This Work, Flattr - Initial Impressions, by Philip Storry is licensed under a Creative Commons Attribution-NonCommercial-ShareAlike license.
Today, I got my first ever tip, via Flattr.
It was (predictably) for vCardSplit. My gift that just keeps on giving... the cockroach of software!
Flattr isn't quite like other payment systems. This isn't a donation of a fixed amount - with Flattr you put money into a tip jar on a monthly basis, and go round "Flattring" things.
The act of a Flattr is kind of like a Facebook like - it can be public, which is why they call it "social micropayments". People can wander along to my profile and see what I've Flattred. If I chose to allow it, they could even see the amounts.
(But I don't. And yes, there's also an option to simply hide all your activity as well - including past activity. The company is run by Swedish folks, who seem to understand privacy.)
The clever bit is that at the end of each month, Flattr takes your monthly allowance and divides it equally amongst all the things you Flattred. So you don't get to determine the amount - it's just taken care of.
Didn't Flattr anything? Nothing goes out!
Want to Flattr someone more? Just go back next month. Or click twice, and set up a monthly subscription to their work...
The idea is that, on grander scales, it'll all even out for those being Flattred - some people give proportionately small amounts during busy months, and some people give proportionately large amounts during slow ones.
But it's better than nothing, and more likely to happen because the costs are fixed for the person giving.
Plus, it's a simple click to say "this is good enough that I want to give you some money".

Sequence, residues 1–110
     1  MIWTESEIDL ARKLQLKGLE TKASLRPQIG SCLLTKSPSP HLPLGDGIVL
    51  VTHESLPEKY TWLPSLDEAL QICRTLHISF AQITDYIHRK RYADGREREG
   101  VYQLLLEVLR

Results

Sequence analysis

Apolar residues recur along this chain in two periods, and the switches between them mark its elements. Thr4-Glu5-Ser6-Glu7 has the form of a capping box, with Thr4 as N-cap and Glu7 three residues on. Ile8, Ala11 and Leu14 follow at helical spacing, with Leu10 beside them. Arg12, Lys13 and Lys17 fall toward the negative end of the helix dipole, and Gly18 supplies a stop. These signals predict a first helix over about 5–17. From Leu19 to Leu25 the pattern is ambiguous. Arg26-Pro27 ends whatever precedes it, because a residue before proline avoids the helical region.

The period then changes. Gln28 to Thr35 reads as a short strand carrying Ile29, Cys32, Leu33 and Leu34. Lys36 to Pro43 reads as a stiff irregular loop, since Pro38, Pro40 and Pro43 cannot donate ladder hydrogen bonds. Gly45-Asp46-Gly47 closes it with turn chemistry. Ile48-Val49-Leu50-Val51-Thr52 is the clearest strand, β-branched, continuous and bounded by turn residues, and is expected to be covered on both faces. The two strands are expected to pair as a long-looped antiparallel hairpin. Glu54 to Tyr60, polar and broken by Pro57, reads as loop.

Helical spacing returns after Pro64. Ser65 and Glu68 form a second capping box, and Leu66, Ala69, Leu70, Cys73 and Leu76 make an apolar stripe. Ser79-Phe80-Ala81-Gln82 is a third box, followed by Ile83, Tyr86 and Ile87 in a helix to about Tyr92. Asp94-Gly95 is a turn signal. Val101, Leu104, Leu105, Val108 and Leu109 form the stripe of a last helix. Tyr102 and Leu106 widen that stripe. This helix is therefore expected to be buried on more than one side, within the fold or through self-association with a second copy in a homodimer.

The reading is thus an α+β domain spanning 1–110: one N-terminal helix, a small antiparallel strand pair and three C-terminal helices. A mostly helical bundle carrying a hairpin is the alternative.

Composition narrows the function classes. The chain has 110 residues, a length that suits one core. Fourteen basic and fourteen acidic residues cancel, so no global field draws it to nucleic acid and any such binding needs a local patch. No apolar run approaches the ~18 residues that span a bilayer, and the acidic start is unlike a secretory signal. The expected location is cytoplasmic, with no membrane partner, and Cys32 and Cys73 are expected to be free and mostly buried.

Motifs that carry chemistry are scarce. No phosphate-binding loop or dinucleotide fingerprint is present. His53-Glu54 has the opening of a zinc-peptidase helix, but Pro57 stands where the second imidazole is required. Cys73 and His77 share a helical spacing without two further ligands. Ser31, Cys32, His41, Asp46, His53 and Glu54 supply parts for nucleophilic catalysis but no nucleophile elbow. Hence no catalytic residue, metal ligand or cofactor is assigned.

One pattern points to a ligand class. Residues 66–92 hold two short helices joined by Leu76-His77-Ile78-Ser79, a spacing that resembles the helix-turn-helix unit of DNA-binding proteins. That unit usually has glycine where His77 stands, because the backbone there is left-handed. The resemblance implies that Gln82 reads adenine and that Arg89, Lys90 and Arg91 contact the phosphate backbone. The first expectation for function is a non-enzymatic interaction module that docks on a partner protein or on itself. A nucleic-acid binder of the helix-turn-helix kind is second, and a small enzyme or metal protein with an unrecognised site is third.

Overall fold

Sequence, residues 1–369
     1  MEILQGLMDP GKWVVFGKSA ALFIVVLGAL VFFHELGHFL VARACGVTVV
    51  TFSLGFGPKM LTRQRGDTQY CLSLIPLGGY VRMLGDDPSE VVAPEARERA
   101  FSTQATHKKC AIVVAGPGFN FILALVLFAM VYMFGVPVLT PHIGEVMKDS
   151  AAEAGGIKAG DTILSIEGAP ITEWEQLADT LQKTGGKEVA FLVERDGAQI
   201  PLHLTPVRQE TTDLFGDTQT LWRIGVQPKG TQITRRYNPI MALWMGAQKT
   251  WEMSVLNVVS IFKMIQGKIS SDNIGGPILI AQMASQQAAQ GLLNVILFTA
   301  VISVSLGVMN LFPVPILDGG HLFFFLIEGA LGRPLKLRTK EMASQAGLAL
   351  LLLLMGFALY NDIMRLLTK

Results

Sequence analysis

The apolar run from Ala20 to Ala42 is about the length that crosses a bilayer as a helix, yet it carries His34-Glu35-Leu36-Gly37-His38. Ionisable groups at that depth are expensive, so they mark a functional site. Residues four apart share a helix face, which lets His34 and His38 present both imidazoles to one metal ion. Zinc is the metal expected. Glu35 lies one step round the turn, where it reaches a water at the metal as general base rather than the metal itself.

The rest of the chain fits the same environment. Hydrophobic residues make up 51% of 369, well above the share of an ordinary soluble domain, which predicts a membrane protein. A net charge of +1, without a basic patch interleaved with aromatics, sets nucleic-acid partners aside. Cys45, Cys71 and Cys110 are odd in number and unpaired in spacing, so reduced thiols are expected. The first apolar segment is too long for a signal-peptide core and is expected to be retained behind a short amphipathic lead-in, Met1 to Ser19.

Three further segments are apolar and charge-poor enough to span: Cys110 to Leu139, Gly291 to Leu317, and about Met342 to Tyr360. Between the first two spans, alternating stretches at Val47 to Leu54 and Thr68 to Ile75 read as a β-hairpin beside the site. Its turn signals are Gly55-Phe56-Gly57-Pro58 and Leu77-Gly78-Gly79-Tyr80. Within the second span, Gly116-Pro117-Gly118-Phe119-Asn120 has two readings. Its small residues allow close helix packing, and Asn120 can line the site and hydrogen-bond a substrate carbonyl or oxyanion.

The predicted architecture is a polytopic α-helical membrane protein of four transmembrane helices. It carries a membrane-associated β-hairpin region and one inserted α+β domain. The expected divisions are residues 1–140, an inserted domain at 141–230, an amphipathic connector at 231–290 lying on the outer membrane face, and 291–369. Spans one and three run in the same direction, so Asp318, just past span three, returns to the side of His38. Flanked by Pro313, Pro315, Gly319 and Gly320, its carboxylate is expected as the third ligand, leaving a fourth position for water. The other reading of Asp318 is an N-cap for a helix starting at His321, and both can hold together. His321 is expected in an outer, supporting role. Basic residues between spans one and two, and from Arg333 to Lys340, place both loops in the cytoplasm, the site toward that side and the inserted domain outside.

How cool is that?
Flattr take a cut, of course - and at the moment, it's a fairly high 10%. The hope is that as it scales up, their costs will drop and that rate can be reduced.
Frankly, that 10% is the only thing I'm not too keen on - but nothing's free, and I really like the idea. Up until recently, I'd only experimented in using it to give, and the main problem was just finding the time to experiment in using it to receive.
So on Sunday, I integrated Flattr with my website as a test.
It was pretty easy! Especially as there's a Drupal module for it, so it was pretty much "install module, configure permissions, configure module, done".
So then I started looking at PayPal donate buttons etc.
I wanted to put all methods of donation live at once, so I thought I'd turned Flattr off, but I evidently didn't!
But this was probably a good thing. I've crossed the Rubicon - I'm not just (very occasionally) using Flattr to give to others, but now I'm offering them the chance to give to me.
I really like Flattr, both in idea and implementation. Really, if anything, what it's mostly missing is that critical mass of people using it.
I hope that it gets the scale it needs, and am happy to be adding my +1 to the party.
And remember, I don't know if I've got tuppence or a tenner from this first Flattr, as this month's payment dividing hasn't yet been done. So I'm not biased, and can honestly say I've not been paid for my thoughts here!